Seems I recall this store being opened into the late 80s? Home of Big Bertha the beer cave or somethng like that . . . could be way off.

CRE      4:35 PM Sun 8/23/2009

Same family. Brightleaf Squre store run by son Robert

Patricia Fields Neubert      12:54 AM Thu 8/20/2009

The butcher wrapped the meats in stark, white paper.<br \><br \>The small road beside Fowlers connected Franklin to Rosemary Street...I often have to turn around when I forget that it is now blocked off.<br \><br \>The A &amp; P store was right up the street. <br \>

Phil Hawkins      5:21 PM Wed 7/29/2009

As Charley mentioned, Fowler&#39;s used to deliver. My family moved to Chapel Hill from Burlington in 1955, and we lived on William&#39;s Circle in Colonial Heights. My mom decided to try the service, and called for a delivery. Subsequently she was called to a neighbor&#39;s house for some reason, and while she was gone, the delveryman came (a tall, thin, very freindly older guy who&#39;s name escapes me) and seeing that mom was not at home, and not wanting the milk to get warm, proceeded to put groceries away in the refrigerator. She came home and found a man in her kitchen putting away groceries, and was frightened to death. Not to worry, apparently this was a common occurrence with Fowler&#39;s<br \><br \>As kids, we always watched for the Fowlers Delivery truck as we regularly stole a few grapes off his truck while he was walking his orders to the door.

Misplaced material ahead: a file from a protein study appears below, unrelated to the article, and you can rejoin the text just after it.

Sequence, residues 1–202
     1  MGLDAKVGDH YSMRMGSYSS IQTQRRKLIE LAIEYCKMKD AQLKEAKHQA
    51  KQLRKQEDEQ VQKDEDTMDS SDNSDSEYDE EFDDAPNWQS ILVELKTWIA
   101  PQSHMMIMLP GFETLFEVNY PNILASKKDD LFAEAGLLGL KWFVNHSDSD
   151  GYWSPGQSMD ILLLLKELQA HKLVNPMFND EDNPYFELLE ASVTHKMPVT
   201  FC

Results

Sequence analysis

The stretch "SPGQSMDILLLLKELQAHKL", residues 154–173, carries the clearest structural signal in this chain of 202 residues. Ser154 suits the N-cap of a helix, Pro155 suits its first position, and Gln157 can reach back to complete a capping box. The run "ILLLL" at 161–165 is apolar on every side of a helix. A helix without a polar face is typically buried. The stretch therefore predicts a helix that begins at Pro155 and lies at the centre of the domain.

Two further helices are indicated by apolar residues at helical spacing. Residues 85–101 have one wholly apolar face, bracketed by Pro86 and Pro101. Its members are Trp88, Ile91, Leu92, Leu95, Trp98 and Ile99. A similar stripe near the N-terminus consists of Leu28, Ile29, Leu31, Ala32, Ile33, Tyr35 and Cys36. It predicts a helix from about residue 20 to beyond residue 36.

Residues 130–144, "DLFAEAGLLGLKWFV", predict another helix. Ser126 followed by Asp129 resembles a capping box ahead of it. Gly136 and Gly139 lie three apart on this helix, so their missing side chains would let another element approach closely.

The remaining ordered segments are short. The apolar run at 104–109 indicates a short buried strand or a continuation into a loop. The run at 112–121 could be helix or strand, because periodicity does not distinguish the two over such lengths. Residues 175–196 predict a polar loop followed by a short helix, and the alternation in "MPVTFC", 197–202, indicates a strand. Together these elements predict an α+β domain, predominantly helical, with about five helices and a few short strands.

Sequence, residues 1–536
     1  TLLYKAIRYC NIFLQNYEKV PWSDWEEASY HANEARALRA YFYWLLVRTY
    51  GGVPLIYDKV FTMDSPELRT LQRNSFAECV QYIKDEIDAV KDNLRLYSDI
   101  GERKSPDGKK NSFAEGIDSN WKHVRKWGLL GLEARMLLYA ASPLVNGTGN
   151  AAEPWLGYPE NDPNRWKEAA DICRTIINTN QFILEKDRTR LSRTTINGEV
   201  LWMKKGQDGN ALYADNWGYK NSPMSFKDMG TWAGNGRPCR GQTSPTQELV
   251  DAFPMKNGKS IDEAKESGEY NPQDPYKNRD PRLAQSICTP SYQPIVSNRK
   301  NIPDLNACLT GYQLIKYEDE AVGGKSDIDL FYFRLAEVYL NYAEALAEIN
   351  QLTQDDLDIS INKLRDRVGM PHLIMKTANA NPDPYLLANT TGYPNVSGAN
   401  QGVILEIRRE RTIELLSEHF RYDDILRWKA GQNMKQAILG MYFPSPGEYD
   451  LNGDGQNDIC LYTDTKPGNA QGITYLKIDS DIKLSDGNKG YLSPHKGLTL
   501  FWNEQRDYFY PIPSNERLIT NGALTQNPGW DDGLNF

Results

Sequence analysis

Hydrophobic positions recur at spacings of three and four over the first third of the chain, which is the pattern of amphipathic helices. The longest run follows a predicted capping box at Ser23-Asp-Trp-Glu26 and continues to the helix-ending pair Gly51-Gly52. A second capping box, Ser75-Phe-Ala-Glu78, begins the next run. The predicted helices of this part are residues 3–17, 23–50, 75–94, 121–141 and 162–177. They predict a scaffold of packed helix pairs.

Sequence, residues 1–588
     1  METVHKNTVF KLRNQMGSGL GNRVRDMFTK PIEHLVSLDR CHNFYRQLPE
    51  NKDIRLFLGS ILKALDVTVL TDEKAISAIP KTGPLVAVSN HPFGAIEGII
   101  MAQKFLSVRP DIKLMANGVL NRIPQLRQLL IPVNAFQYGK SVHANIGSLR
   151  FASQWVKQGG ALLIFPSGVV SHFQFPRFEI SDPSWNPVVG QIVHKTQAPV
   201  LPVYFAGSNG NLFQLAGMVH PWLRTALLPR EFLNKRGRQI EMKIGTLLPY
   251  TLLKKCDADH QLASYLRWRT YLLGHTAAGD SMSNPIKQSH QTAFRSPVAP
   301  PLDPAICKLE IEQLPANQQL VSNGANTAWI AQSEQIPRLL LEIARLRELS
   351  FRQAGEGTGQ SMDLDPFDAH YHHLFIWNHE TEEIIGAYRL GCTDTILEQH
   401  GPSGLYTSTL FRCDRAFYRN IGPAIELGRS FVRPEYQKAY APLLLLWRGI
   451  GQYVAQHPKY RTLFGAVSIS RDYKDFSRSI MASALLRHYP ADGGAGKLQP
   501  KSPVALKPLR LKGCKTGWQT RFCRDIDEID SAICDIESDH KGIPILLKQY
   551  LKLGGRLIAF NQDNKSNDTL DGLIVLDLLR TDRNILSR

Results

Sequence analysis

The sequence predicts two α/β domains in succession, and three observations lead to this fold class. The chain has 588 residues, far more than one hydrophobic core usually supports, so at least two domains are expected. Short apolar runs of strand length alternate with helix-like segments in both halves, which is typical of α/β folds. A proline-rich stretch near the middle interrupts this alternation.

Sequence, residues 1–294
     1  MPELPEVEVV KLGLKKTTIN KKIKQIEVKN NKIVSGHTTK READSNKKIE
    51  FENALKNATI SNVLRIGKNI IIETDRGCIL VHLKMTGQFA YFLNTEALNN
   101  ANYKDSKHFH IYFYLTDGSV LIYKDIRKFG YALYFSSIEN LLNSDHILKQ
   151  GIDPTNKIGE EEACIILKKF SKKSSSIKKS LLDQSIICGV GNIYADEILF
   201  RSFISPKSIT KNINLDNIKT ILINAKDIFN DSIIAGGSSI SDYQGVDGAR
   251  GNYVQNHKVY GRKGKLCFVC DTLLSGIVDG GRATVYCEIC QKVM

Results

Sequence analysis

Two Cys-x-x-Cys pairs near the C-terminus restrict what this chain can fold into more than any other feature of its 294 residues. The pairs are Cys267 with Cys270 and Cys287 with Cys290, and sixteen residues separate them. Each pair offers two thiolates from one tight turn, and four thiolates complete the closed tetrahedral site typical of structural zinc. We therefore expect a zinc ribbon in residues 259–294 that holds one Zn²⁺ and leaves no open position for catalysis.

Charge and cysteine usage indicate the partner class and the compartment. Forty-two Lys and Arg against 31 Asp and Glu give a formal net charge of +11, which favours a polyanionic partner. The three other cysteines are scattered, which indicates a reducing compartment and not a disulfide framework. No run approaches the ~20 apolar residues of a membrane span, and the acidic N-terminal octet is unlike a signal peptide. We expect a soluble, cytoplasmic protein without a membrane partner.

BE      2:34 PM Mon 7/6/2009


D      2:39 PM Thu 6/11/2009

Is that the same Fowler family that opened Fowler&#39;s gourmet store in Durham at Brightleaf Square?

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Chapel Hill is located on a hill whose only distinguishing feature in the 18th century was a small chapel on top called New Hope Chapel. This church was built in 1752 and is currently the location of The Carolina Inn. The town was founded in 1819, and chartered in 1851.



What is it that binds us to this place as to no other? It is not the well or the bell or the stone walls. or the crisp October nights. No, our love for this place is based upon the fact that it is as it was meant to be, The University of the People.

-- Charles Kuralt



Dark Side of the Hill -- Pink Floyd, the creators of the most popular album in history, Dark Side of the Moon, took the second half of their name from Floyd Council, a Chapel Hill native, and great blues singer and guitarist. He once belonged to a group called "The Chapel Hillbillies".



Check out Charly Mann's other website:
Oklahoma Birds and Butterflies


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There would probably be no Chapel Hill if the University of North Carolina Board of Trustees in 1793 had not chosen land across from New Hope Chapel for the location of the university. By 1800 there were about 100 people living in thirty houses surrounding the campus.